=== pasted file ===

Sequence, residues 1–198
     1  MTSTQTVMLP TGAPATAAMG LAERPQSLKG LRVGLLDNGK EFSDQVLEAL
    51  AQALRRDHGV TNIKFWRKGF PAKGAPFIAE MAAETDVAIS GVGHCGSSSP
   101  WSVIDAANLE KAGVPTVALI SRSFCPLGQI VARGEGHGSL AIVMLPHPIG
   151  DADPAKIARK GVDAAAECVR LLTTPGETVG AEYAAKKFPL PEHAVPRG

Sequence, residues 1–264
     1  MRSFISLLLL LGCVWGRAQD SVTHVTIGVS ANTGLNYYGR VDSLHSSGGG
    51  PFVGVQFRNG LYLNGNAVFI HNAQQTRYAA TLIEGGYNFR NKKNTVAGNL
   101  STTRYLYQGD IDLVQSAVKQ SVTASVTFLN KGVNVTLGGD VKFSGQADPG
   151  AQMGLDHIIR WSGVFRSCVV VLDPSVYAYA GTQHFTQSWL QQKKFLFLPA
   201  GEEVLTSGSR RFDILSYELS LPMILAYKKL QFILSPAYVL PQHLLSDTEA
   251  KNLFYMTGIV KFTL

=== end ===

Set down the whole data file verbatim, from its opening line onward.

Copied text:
Sequence, residues 1–198
     1  MTSTQTVMLP TGAPATAAMG LAERPQSLKG LRVGLLDNGK EFSDQVLEAL
    51  AQALRRDHGV TNIKFWRKGF PAKGAPFIAE MAAETDVAIS GVGHCGSSSP
   101  WSVIDAANLE KAGVPTVALI SRSFCPLGQI VARGEGHGSL AIVMLPHPIG
   151  DADPAKIARK GVDAAAECVR LLTTPGETVG AEYAAKKFPL PEHAVPRG

Sequence, residues 1–264
     1  MRSFISLLLL LGCVWGRAQD SVTHVTIGVS ANTGLNYYGR VDSLHSSGGG
    51  PFVGVQFRNG LYLNGNAVFI HNAQQTRYAA TLIEGGYNFR NKKNTVAGNL
   101  STTRYLYQGD IDLVQSAVKQ SVTASVTFLN KGVNVTLGGD VKFSGQADPG
   151  AQMGLDHIIR WSGVFRSCVV VLDPSVYAYA GTQHFTQSWL QQKKFLFLPA
   201  GEEVLTSGSR RFDILSYELS LPMILAYKKL QFILSPAYVL PQHLLSDTEA
   251  KNLFYMTGIV KFTL